Jennifer L. Armentrout raises the stakes to electrifying new levels in the third instalment of this gripping tale of adventure, mayhem, and romance, bringing us one step closer to what promises to be a final showdown of epic proportions. Page after page, I had to remind myself to breathe. And I am so honoured to bring you a little sneak peek.
I imagined the Crown Guard was a lot like the Royal Guard that served the Ascended. They only took orders from Queen Ileana and King Jalara, and whatever Royal Ascended were seated to lord over a city or town.
“Correct me if I’m wrong. I don’t think I am, but stranger things have happened,” Casteel said, and my brows puckered. “My mother removed the crown and told everyone here to bow before the new Queen—who happens to be my wife. Therefore, according to Atlantian tradition, that makes me the King, no matter what head the crown rests upon.” My heart tumbled. King. Queen. That couldn’t be us.
“You never wanted the throne or the trappings that come with that crown,” Alastir spat. “You spent decades seeking to free your brother so he could take the throne. And yet now you seek to claim it? You’ve truly given up on your brother then?”
I sucked in a sharp breath as anger flooded me. Alastir, of all people, knew how much finding and freeing Malik meant to Casteel. And his words had cut deep. I felt from Casteel then what I’d sensed the very first time I ever laid eyes on him—a rawness that felt like shards of ice against my skin. Casteel was always in pain, and even though it had lessened a little with each passing day, the agony he felt over his brother was never far from the surface. He’d just recently allowed himself to feel something other than the guilt, the shame, and the anguish.
I didn’t even realize I had moved forward until I saw that I was no longer under the shade of the blood tree. “Casteel hasn’t given up on Malik,” I snapped before I could find my damn dagger and throw it across the Temple. “We will find him and free him. Malik has nothing to do with any of this.”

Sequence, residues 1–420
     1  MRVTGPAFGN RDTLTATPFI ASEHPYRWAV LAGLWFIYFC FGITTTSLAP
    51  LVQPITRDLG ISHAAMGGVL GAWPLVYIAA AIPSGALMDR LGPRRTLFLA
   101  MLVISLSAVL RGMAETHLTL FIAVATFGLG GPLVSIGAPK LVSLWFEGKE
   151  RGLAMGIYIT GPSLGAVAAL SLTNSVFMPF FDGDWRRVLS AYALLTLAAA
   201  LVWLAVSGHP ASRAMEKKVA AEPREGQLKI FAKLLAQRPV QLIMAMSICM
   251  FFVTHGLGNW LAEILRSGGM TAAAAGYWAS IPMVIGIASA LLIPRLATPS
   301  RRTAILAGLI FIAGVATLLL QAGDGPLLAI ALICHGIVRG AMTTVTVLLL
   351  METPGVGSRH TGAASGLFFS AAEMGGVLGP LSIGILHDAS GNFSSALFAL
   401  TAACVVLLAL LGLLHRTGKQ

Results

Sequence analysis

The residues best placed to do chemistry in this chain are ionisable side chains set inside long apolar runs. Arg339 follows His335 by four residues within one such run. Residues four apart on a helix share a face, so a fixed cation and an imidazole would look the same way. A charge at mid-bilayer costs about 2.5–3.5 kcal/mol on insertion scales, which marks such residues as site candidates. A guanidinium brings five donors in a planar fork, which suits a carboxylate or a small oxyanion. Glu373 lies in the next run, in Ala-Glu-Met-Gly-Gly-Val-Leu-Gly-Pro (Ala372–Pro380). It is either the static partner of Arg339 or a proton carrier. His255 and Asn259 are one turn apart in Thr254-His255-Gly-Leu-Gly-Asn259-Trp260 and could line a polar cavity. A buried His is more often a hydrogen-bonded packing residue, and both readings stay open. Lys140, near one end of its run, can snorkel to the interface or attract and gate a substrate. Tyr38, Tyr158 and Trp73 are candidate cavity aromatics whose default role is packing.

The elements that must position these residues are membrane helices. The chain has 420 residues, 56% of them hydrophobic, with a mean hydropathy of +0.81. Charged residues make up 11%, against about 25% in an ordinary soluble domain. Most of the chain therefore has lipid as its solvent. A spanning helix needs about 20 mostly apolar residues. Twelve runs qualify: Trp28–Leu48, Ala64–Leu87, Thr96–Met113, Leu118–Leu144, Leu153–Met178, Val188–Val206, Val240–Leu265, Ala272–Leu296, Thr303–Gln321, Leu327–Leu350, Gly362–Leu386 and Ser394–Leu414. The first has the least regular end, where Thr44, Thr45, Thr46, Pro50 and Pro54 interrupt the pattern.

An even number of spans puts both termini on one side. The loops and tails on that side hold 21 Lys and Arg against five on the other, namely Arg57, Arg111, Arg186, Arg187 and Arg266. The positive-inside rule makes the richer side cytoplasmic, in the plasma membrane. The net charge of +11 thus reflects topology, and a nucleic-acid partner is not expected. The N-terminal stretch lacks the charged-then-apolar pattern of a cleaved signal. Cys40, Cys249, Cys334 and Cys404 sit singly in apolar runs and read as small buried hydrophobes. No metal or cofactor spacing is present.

“Oh, gods.” Eloana pressed her hand to her mouth as she turned to her son. Pain tightened her features, and in an instant, soul-deep sorrow rolled off her in potent waves. I couldn’t see it, but her grief was a constant shadow that followed her, just as it did for Casteel. It hammered at my senses, scraping my skin like frozen, broken glass. “Hawke, what have you done?”
My focus darted to Valyn as I shut down the connection with Casteel’s mother before it overwhelmed me. A jagged pulse of grief surrounded him, pierced by a surge of peppery, desperate anger. But he locked it down with a strength that I couldn’t help but admire and envy. He bent and whispered in his wife’s ears. Closing her eyes, she nodded at whatever he said.
Oh, gods, I shouldn’t have said that. “I’m sorry.” I clasped my hands together tightly. “I didn’t—”
“You have nothing to apologize for,” Casteel said, looking over his shoulder at me and finding my gaze with his. What radiated from him was warm and sweet, overshadowing the icy ache a bit.
“It is I who should apologize,” Alastir stated gruffly, surprising me. “I shouldn’t have brought Malik into this. You were right.”
Casteel eyed him, and I knew he didn’t know what to do with Alastir’s apology. Neither did I, Instead, he focused on his parents. “I know what you’re likely thinking. It’s the same thing Alastir believed. You think my marriage to Penellaphe is yet another fruitless ploy to free Malik.”
“It’s not?” his mother whispered, tears filling her eyes. “We know you took her to use her.”
“I did,” Casteel confirmed. “But that’s not why we married. That’s not why we’re together.”
Hearing all of this used to bother me. The truth of how Casteel and I had gotten to this place was an uncomfortable one, but it no longer made me feel as if my skin no longer fit. I looked down at the band around my pointer finger and the vibrant golden swirl across my left palm. The corners of my lips turned up. Casteel had come for me with plans to use me, but that had changed long before either of us realized it. The how no longer mattered.
“I want to believe that,” his mother whispered. Her concern was oppressive, like a coarse, too-thick blanket. Maybe she wanted to believe it, but it was clear that she didn’t.